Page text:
Most of us are accustomed to the comfort of an air-conditioned or heated shelter, which provides temporary relief from an often undesirable outdoor climate. In fact, such heating and cooling dominates home and business energy use, accounting for a whopping 12.3 percent of total U.S. energy use. As a result, the emissions from the maintenance of our indoor environment affect the global outdoor climate.
But what if we heated or cooled people instead of spaces? Researchers investigating “personal thermal management” focus on delivering heating or cooling directly to the human body. This approach reduces the energy consumption that is largely lost when providing climate control for an entire building, resulting in higher energy efficiency. Recently, scientists have developed a cost-effective textile that, when incorporated into clothing, can provide a personal thermal management system.
Basic system requirements
Personal thermal management systems require careful control of the process of heat dissipation from the human body. At normal skin temperatures (usually 34 degrees Celsius), the human body emits infrared (IR) radiation with a peak emission at a wavelength of 9.5 µm. Dissipation of this radiant heat accounts for more than 50 percent of total body heat loss indoors.
Ideally, personal thermal management systems should improve radiant heat output in summer to help people stay cool. The easiest way to do this is by using clothing, but developing a textile system that can handle this is no small feat. Not only do these materials need to be transparent to IR, but they also need to be opaque to visible light so the sun doesn’t heat people up even more (and, you know, so they don’t look naked).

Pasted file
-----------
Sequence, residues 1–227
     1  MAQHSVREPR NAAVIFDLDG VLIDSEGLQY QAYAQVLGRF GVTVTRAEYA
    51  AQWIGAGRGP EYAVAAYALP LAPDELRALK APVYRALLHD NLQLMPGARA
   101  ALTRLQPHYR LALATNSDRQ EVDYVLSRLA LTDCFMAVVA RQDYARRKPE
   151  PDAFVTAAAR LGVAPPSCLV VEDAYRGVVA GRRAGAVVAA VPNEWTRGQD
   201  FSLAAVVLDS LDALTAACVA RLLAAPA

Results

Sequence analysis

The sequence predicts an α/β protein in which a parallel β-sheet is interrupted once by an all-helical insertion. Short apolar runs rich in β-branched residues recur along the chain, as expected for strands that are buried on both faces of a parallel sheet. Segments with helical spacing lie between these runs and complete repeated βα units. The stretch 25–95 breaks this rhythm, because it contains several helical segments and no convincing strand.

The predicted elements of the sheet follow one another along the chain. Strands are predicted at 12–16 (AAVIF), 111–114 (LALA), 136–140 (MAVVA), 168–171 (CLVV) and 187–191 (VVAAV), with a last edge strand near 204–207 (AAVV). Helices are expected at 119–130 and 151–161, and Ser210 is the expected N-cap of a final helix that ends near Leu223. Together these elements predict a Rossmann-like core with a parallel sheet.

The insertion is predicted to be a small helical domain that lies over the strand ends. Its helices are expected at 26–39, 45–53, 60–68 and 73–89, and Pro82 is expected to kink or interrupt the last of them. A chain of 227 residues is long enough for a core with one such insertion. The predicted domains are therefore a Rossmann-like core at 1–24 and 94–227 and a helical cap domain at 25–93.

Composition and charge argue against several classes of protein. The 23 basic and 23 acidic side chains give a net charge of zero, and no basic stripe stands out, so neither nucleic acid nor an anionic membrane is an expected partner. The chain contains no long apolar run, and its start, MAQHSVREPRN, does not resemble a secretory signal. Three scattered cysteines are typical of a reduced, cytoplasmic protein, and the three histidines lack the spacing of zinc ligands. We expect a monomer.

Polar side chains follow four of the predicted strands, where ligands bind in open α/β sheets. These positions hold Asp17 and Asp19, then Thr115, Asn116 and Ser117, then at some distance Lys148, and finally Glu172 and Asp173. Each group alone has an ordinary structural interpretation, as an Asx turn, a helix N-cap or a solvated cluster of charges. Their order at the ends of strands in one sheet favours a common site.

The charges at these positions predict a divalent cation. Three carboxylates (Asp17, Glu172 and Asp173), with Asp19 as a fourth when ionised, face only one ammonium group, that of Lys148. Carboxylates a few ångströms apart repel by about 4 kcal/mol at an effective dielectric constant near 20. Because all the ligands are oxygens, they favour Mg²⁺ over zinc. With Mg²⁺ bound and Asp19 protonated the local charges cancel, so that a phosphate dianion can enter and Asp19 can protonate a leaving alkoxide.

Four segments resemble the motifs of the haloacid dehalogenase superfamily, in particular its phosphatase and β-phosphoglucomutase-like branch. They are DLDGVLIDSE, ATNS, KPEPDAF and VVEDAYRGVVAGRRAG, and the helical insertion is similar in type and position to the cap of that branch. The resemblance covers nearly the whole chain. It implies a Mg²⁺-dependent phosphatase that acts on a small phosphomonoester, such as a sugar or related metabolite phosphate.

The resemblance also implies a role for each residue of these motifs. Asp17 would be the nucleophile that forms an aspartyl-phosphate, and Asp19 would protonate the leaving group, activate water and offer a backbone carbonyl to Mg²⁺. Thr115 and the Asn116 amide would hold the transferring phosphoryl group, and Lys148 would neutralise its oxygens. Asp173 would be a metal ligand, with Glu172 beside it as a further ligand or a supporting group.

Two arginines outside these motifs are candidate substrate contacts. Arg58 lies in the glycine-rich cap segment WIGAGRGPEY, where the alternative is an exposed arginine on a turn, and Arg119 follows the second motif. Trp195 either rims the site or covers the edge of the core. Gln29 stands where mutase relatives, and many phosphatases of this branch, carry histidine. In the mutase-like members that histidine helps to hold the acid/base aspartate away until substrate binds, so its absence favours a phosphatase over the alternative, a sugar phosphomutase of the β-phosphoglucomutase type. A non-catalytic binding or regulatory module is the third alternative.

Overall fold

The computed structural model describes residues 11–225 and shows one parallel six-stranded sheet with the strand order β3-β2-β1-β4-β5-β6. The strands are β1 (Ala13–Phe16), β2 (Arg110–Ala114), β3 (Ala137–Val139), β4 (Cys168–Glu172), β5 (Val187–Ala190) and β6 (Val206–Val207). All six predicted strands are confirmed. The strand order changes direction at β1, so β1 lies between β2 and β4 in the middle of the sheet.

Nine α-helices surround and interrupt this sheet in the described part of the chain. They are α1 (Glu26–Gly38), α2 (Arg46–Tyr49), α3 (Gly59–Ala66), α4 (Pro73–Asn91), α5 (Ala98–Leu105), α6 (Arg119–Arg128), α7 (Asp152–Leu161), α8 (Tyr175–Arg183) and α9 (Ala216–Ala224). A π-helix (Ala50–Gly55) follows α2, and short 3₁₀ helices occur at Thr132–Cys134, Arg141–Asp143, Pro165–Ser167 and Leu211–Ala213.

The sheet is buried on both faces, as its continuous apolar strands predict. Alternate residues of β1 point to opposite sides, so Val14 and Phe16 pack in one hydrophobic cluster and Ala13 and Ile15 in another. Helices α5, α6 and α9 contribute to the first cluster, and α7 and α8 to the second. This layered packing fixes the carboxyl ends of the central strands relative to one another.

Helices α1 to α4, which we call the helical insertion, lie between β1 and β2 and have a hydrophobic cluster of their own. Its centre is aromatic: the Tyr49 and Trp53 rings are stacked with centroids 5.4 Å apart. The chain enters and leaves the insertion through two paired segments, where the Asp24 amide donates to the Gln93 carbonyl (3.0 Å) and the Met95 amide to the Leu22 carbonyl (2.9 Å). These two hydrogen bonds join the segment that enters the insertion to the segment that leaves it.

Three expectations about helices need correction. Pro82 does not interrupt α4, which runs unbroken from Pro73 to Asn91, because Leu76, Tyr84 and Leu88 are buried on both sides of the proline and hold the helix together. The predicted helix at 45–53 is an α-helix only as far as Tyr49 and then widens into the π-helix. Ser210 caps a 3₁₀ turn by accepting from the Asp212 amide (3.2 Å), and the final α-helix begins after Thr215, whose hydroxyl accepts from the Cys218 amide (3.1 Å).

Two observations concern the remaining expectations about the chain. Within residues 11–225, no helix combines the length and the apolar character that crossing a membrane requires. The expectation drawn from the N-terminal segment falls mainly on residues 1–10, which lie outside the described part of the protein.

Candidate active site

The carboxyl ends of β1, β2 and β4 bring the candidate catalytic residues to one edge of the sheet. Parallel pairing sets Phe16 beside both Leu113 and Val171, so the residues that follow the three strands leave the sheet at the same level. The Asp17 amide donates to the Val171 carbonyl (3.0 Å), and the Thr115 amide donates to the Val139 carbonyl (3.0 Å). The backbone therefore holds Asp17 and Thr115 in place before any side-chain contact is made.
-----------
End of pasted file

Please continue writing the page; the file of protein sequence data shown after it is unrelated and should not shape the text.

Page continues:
Unfortunately, the most common textiles do not meet these requirements; in fact, they often strongly absorb the radiant heat of the human body. But new polyethylene-based textiles provide the tight control over infrared radiation needed for effective personal thermal management systems.
An inverted box
The scientists behind the new research developed a nanoporous polyethylene textile that can promote radiant cooling while maintaining other critical characteristics, including proper air permeability, water drainage rates and mechanical strength. Because polyethylene is composed only of carbon-carbon and carbon-hydrogen bonds, it has narrow absorption peaks centered far away from the peak of the human body’s radiation.
Nanoporous polyethylene differs from regular polyethylene because it contains interconnected pores with a diameter of 50 to 1000 nm. Due to the similarity between the pore sizes and the wavelengths of visible light, the material strongly scatters visible light, resulting in an opaque appearance to the human eye. However, the pore size is much smaller than the IR wavelength, resulting in a material that is highly transparent to IR. In addition, these pores provide critical air permeability and water-draining properties.
The team analyzed the transmission of visible light and infrared radiation from a nanoporous polyethylene film and found that the material allowed more than 90 percent total IR transmission (for wavelengths above 2 µm).